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Sarita Wetland Restoration

Suzanne Savanick, Science Education Resource Center, Carleton College, ssavanic@carleton.edu. Based on a Water Quality class taught by Jim Perry, University of Minnesota and the University of Minnesota Sustainable Campus Initiative, coordinated by Suzanne Savanick.
This material is replicated on a number of sites as part of the SERC Pedagogic Service Project


The Sarita Wetland restoration on the University of Minnesota, Twin Cities campus is used as teaching tools by numerous classes. Students, staff and faculty have collaborated on the planning and implementation of the project. This example highlights the restoration process, and specifically references one of the classes, the Water Quality class.

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Learning Goals

The Sarita Wetland is the remnant of former Lake Sarita that was drained in the early 1900's. The goal of the entire project is to improve water quality and wildlife habitat and use the wetland area for education and research. When the vision is fully achieved, there will be:

  1. An urban stream with a variety of in-stream habitats
  2. a riparian wooded zone consisting of native vegetation and experimental species
  3. A small, upstream holding pond which reduces sediment loading and water level fluctuations
  4. A bottomland forest with demonstration plantings
  5. An access trail surrounding the entire complex with educational signage
  6. A restored wetland and associated upland area that represent urban best management practices.
University of Minnesota students will be involved in all stages of the project. This project will also complement the University's storm water management plan that is required by Environmental Protection.

Each course used the wetland in the context of the course goals and objectives.

Context for Use

In 2000, the Sustainable Campus Initiative was initiated to develop ways to use the campus in teaching. The Sarita wetland was one of the initiative's major projects.

In 2005, the University built a forebay to protect the wetland from excessive storm water bounce. The project became part of the United States Environmental Protection Agency's National Pollutant Discharge Elimination System(NPDES) Phase II Storm Water Management Plan that the University submitted.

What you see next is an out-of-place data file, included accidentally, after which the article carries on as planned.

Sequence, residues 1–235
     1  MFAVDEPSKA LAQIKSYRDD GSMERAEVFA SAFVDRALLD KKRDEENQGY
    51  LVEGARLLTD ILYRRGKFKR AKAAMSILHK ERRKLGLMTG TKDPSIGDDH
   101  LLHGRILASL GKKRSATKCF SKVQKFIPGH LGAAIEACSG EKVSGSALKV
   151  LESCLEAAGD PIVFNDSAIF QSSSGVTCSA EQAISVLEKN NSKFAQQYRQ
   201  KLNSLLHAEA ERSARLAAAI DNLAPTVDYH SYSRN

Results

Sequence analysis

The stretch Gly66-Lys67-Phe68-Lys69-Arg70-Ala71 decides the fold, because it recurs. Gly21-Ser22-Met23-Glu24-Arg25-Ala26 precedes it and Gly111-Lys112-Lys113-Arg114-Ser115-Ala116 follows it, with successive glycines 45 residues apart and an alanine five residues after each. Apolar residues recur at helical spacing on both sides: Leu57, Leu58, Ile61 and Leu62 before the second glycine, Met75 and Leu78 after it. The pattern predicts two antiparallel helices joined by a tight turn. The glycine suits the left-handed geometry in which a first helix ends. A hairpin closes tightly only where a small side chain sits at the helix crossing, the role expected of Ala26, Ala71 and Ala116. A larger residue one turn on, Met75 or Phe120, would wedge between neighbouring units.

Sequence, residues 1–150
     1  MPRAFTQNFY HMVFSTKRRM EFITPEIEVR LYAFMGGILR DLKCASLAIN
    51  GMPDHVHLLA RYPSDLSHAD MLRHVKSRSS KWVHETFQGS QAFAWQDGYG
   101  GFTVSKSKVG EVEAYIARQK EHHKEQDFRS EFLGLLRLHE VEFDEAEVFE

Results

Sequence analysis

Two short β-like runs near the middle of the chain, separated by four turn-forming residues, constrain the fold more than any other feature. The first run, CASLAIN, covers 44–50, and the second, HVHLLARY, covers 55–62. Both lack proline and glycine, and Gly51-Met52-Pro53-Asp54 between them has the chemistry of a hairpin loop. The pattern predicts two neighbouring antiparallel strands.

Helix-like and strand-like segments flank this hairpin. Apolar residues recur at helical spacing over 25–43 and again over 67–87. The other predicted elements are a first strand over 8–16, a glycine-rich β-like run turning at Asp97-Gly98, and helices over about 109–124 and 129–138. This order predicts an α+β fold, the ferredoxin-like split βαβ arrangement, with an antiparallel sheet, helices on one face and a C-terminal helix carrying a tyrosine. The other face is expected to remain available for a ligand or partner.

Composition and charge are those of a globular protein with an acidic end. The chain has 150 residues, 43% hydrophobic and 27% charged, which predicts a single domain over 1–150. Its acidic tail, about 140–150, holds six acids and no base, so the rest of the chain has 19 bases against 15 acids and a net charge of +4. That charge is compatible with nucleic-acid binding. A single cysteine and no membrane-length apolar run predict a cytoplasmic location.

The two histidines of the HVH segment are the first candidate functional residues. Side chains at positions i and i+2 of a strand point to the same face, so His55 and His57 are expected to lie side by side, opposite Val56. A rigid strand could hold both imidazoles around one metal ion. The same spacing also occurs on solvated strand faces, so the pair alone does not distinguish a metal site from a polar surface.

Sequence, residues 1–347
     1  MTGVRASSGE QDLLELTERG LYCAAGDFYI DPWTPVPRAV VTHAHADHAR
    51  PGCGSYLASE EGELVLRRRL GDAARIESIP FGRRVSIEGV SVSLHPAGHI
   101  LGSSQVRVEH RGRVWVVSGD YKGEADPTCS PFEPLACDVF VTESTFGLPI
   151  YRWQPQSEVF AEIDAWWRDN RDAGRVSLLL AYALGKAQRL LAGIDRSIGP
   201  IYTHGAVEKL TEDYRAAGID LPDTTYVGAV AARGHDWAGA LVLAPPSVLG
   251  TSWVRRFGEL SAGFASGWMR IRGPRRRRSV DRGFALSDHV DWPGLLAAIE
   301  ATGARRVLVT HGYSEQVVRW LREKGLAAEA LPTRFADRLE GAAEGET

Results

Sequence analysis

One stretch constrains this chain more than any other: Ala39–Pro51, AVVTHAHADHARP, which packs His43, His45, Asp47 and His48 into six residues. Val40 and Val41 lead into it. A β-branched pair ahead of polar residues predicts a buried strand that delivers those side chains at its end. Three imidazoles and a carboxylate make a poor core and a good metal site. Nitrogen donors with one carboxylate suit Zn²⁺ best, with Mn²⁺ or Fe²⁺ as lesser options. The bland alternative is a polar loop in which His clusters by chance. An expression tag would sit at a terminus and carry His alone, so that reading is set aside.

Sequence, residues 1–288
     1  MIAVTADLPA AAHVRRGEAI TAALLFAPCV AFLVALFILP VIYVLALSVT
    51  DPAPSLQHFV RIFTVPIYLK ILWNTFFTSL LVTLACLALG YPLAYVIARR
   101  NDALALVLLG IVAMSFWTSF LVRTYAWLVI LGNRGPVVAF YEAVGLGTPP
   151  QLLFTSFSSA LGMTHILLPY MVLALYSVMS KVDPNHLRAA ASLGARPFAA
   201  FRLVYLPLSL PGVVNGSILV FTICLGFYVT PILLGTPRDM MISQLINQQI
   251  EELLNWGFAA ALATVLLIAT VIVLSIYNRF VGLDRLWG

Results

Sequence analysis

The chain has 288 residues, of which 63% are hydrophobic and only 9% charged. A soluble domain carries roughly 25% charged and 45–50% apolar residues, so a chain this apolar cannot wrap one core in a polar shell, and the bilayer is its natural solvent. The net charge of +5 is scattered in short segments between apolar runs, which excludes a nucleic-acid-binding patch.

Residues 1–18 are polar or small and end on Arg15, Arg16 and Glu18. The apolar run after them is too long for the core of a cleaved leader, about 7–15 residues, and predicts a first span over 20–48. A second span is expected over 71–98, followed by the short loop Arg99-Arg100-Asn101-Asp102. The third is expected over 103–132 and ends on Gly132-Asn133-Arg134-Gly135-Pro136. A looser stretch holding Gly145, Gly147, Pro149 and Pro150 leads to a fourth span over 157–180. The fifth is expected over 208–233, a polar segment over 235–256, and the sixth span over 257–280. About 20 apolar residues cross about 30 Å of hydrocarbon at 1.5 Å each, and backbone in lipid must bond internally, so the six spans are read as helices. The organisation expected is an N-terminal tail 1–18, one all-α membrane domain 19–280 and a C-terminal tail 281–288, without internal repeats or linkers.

Students were involved in planning the wetland restoration and developing storm water plans for the campus through a Water Quality class. Other classes, such as Landscape Architecture and Habitats and Regulation of Wildlife, also used the wetland restoration problem as a major class exercize. From 2000 to 2004, numerous courses, independent studies, and two master's thesis were completed involving aspects of the wetland.

Teaching Materials

Sustainable Campus Initiative Website

Water Quality Class Syllabus 2004 (Microsoft Word PRIVATE FILE 68kB Aug4 05)

Water Quality Class Syllabus 2005 (Microsoft Word PRIVATE FILE 51kB Aug4 05)

Teaching Notes and Tips


References and Resources

The Sustainable Campus Initiative website includes a description of the project, resources, and student projects.

Savanick, Suzanne Spring 2001. "Campus Watershed Projects Abound" National Wildlife Federation Campus Ecology Connection Newsletter . Vol 12. Issue 1. This article highlights the University of Minnesota project, but also lists numerous wetland and watershed projects throughout the United States.

Savanick, Suzanne and Jim Perry, University of Minnesota Sustainable Campus Initiative in Koester, Robert (ed.), Moving to the Mainstream: Greening of the Campus 4 Conference Proceedings Vol. IV, Ball State, Indiana, 20-22 Sept 2001.

Savanick, Suzanne. 2004. "Bridging the Gap Between Sustainability Efforts and Urban Ecology" Doctoral Dissertation. University of Minnesota, Minneapolis, Minnesota.